o3 BLOG | Investing
Québec Economy — Mining Industry and Sustainability
Québec has immense mining potential, and in 2021, it was the second highest mineral-producing province by value at $11.9 billion, coming second to British Columbia ($12.9 billion). Almost 90% of Québec’s bedrock consists of Precambrian rocks from the Canadian Shield (north of the St. Lawrence River). The remaining 10% is paleozoic rocks, including the St. Lawrence Platform encircling the St. Lawrence River with the Appalachian mountainous region to the south of the river. These geological regions have a high potential for mineral production, with the most well-known geologic area being the Abitibi Greenstone Belt. The Abitibi also has the world’s largest Archean volcano-sedimentary belt and is known for its gold, copper, zinc, and silver resources. Québec develops 17 metals and 12 nonmetals, giving it Canada’s most diverse resource base.
While Québec is a powerhouse for mining potential, the province has implemented many action plans to ensure sustainable growth and support for its socio economic infrastructure. These plans offer solutions to environmental concerns and community support — all of which are promising for the long-term health of the province’s economy.
Growing Global demand for Critical and Strategic Minerals (CSM)
The global economy is rapidly evolving, and new technologies are hastening this transformation while also transforming our lifestyles. Growing industries like telecommunications, renewable energy, biomedicine, aerospace, and electric vehicles are driving the demand for precious metals and minerals. In addition to gold and silver, Québec has the opportunity to become a significant producer of Critical and Strategic Minerals (CSM), such as nickel, niobium, and graphite, and embark on mining initiatives for lithium, vanadium, and tantalum. CSMs are essential in our daily life — batteries for laptops, smartphones, and electric vehicles all contain graphite, lithium, cobalt, and nickel. Platinum group elements are essential in computer hard drives and rare earth elements in electric motors.
In February of this year, The Fraser Institute ranked Québec sixth in the world and second in Canada in its annual evaluation of mining jurisdiction attractiveness for exploratory investment. The jump from 18th to 6th place indicates that Québec is capable of attracting exploratory funding from both domestic and international investors. The QMA applauds this discovery and anticipates that future exploratory spending will open new mines — promising news for local and provincial economies.
The province of Québec is positioned in an excellent area regarding proximity to the United States. It is close to metropolitan cities and business hubs such as Toronto and New York City, industrial centres, and its deep-water ports provide easy access for exports to Europe and Asia. The province also collaborates closely with mining industry organizations and communities that host projects. These communities are natural project partners, collaborating with the government to develop and promote the mining sector while adhering to sustainable development and social acceptability principles.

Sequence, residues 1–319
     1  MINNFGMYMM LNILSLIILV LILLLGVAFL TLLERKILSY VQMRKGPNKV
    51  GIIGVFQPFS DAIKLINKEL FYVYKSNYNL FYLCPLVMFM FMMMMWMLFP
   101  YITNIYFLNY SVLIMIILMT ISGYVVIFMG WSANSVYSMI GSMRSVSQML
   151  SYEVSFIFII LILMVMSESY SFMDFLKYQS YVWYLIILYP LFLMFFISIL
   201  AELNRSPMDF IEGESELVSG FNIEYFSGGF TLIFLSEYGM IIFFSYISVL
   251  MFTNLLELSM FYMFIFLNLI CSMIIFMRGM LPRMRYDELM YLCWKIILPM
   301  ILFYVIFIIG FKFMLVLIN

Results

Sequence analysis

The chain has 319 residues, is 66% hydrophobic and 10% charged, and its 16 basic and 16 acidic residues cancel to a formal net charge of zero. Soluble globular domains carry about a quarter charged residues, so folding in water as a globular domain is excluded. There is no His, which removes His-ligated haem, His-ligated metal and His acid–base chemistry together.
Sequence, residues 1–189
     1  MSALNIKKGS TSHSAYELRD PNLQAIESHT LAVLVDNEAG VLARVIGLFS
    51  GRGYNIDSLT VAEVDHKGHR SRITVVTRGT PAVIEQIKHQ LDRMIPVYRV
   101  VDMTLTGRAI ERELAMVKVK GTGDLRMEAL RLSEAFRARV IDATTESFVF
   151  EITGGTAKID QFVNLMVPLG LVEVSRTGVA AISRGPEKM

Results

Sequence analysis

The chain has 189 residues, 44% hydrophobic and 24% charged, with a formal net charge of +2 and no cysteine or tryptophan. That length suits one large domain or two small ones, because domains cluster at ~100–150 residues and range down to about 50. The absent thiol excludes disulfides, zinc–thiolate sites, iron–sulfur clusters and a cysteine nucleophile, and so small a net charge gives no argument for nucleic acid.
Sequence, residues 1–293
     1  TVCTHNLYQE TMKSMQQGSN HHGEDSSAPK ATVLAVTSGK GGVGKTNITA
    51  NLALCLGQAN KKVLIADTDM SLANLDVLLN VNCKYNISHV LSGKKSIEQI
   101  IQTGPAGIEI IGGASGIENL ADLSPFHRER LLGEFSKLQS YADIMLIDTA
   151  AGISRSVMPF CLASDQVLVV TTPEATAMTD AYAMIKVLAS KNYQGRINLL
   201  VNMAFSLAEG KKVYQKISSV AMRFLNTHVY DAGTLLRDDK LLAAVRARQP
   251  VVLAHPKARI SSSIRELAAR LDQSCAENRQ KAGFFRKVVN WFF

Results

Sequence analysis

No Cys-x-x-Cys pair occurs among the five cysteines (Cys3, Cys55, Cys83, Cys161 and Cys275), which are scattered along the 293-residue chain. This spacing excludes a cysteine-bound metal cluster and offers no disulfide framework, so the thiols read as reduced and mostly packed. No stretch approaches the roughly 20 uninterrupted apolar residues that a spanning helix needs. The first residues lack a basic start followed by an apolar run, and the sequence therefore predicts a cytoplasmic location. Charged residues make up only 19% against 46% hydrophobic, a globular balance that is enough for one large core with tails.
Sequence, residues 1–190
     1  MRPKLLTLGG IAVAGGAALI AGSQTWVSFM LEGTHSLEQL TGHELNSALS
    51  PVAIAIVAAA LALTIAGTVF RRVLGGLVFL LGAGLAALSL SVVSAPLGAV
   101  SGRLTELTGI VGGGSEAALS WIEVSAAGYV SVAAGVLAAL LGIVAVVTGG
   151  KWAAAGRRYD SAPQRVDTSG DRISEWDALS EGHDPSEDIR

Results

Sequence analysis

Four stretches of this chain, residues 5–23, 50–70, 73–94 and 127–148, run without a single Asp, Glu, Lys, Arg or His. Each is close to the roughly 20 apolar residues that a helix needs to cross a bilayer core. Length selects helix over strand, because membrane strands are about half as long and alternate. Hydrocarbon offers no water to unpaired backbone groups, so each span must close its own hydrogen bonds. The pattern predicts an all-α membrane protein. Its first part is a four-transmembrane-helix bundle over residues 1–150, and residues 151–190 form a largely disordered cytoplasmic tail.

Ministère de l’Énergie et Ressources Naturelles (MERN): Social Acceptability Guidelines
Québec creates a collaborative environment where mining players collaborate closely with local and First Nations people in mining sites. In February of 2016, Ministère de l’Énergie et des Ressources naturelles (MERN) created the Social Acceptability Guidelines. The goal of the five guidelines are as follows:
- Outline the roles and responsibilities of land use, including planning and management.
- Increase transparency surrounding public land planning and make it more participatory with regular updates for the local community.
- Establish processes for public and community participation and engagement.
- Promote fair sharing of benefits from mining and energy development projects with host communities.
- Strengthen MERN’s ability to analyze the economic benefits, and the impacts (both positive and negative) of the projects by taking social acceptability factors into account.
Mining projects in collaboration with communities
To promote transparency with enterprises and Indigenous communities, Québec provides tools and resources to improve the social acceptability of mining operations and promotes open discussion. In the early consultation phase, proponents are encouraged to establish development conditions that respect the environment and the host communities of mining projects.
Treaties with First Nations
Québec has signed treaties with the Cree, Inuit, and Naskapi people covering about 1.1 million square kilometres (more than 65% of the total area of Québec ). The Gouvernement du Québec and the MERN have also adopted policies providing rules for contacting Québec ‘s other First Nations when a project may affect their established or ancestral or treaty rights. In the case of the Abitibiwinni First Nation, MERN helped develop a clear framework for consulting and accommodating the community regarding mining activities.